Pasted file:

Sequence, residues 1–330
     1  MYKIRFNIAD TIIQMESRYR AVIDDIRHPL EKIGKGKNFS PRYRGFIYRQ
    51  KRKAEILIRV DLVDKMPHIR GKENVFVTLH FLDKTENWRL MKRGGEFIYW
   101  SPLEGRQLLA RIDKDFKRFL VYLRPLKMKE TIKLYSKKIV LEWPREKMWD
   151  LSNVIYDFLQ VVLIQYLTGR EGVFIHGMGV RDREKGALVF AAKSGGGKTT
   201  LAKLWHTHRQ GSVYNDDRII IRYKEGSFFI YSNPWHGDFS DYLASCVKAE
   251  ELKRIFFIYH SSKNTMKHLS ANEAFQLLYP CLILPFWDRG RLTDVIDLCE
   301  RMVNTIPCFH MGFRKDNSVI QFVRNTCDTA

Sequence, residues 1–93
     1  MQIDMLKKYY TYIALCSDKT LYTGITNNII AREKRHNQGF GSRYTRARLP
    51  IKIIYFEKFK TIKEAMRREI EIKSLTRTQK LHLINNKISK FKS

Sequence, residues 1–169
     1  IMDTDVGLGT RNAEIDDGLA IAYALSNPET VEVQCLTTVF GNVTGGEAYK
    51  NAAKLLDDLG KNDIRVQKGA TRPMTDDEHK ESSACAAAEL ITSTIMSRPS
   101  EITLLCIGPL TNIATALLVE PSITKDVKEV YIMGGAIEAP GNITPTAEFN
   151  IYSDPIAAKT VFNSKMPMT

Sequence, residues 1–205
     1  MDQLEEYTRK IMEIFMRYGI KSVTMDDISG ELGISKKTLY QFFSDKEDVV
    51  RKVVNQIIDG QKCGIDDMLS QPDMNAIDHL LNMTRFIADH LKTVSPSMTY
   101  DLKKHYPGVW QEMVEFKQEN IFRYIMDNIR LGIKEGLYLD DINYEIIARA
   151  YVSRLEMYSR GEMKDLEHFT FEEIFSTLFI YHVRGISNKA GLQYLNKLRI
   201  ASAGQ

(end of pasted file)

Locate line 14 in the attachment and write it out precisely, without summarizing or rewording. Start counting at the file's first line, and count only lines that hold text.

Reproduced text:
    51  NAAKLLDDLG KNDIRVQKGA TRPMTDDEHK ESSACAAAEL ITSTIMSRPS